On a recent sunny Tuesday morning, seventeen students crammed into the top floor of a business suite in downtown Berkeley, crowding around computers with screens filled with lines of code. The scene might seem familiar — somewhat akin to a busy computer science college class — but the students are adults. They're the first cohort of Telegraph Academy, a new coding school that aims to accelerate the careers of programmers of color, and, in doing so, help close the gaping racial divide in the tech industry.
Looking around the room, the students come from an array of ethnic backgrounds and professional careers: One student, Doris Hernandez, hails from Honduras, and another, Aheri Stanford-Asiyo, who is Black, has worked at the CIA and Google.
Telegraph Academy calls itself an accelerated learning program, which means it's basically a twelve-week-long intensive bootcamp. For eleven hours a day, six days a week, students learn advanced programming skills. Telegraph Academy isn't the first coding camp of its kind — there are at least twenty in the Silicon Valley — but its founders say the school, which is also funded by the White House TechHire initiative, is unique in that it's aimed toward programmers of color.
Telegraph Academy founders Bianca Gandolfo, who is white, and Albrey Brown, who is Black, are both alumni of Hack Reactor, a programming bootcamp in San Francisco that is a partner of Telegraph Academy. Brown said that when he finished the program at Hack Reactor last year and entered the tech industry, large tech companies had started to release their diversity numbers — and the results were dismal. According to research conducted by USA Today in 2014, on average, about 2 percent of tech workers at the seven top Silicon Valley companies (Apple, LinkedIn, Google, Facebook, Twitter, Yahoo and eBay) were Black, and 3 percent were Hispanic.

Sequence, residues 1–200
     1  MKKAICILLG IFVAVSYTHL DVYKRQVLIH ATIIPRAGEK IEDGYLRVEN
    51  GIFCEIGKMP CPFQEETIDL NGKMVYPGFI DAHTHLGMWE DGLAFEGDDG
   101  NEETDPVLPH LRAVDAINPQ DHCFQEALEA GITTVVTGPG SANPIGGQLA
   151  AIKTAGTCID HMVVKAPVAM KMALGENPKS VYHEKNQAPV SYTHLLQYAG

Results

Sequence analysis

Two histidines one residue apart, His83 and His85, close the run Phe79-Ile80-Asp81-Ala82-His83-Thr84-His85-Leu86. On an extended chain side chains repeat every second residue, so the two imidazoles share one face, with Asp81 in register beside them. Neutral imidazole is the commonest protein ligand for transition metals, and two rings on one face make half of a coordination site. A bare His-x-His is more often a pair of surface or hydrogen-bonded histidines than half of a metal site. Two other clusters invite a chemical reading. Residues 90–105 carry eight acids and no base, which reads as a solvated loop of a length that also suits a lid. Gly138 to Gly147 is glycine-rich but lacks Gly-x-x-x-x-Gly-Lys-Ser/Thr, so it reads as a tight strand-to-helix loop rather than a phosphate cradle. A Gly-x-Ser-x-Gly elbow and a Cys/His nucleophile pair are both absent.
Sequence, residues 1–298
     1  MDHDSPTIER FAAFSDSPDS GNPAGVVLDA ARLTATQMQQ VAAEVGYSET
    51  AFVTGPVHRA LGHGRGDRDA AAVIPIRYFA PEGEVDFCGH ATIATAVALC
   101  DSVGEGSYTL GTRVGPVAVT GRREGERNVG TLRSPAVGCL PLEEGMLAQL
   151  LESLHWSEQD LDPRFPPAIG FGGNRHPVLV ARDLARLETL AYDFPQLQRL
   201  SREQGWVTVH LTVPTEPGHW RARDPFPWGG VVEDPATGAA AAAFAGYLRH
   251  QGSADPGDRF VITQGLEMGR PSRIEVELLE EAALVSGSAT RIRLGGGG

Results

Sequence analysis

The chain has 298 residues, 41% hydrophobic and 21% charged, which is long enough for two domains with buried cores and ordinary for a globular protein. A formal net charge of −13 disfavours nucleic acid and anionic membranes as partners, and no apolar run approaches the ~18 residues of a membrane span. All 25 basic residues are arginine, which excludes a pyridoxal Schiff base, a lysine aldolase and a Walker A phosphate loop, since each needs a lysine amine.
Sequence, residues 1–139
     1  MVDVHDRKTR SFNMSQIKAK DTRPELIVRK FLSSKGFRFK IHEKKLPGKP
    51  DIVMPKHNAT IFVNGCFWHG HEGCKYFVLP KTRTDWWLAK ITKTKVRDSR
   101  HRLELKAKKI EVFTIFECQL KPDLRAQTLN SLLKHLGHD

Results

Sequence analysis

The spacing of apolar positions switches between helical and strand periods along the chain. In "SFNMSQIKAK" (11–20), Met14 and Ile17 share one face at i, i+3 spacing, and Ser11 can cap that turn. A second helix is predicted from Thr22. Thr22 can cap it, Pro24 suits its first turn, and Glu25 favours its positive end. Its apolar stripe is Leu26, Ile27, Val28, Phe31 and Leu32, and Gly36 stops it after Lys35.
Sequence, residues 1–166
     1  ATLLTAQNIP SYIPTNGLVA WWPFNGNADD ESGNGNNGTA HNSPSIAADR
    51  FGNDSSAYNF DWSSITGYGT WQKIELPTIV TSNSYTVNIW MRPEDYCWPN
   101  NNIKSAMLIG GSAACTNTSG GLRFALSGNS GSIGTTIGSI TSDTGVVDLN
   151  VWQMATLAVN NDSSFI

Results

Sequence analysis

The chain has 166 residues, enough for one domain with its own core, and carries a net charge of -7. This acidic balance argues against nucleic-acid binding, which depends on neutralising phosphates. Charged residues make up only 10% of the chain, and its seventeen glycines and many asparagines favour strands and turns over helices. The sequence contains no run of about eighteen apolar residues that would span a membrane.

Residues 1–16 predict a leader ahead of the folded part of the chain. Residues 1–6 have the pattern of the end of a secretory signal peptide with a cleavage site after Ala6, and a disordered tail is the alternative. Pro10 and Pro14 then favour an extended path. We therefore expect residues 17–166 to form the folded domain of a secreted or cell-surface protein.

"When I got out of Hack Reactor, I had the opportunity to either go into the industry and work on the skills that I had just developed, or turn around and try to fix that problem," Brown said. "That was really my vision — creating a community for people of color who wanted to get into the industry, creating a direct pipeline for someone who was talented and ambitious, who was a person of color, who felt kind of iffy about whether they should be here."
Gandolfo and Brown's school is modeled after Hack Reactor; students commit to more than sixty hours per week of coding and programming projects in small cohorts, and later gain access to a network of companies to help them find employment. Hack Reactor boasts that 99 percent of its students get jobs after the program and earn a median annual salary of $110,000. Not all students at the Telegraph Academy are people of color, but Brown said they designed the program to be "a community where anyone can come in and feel comfortable being a part of it. One of our main pillars is to support students coming in, before they come in, as they're in, and even after they get out when they're in the industry. We just want to cultivate that so that we're not just supporting them, but students are supporting each other."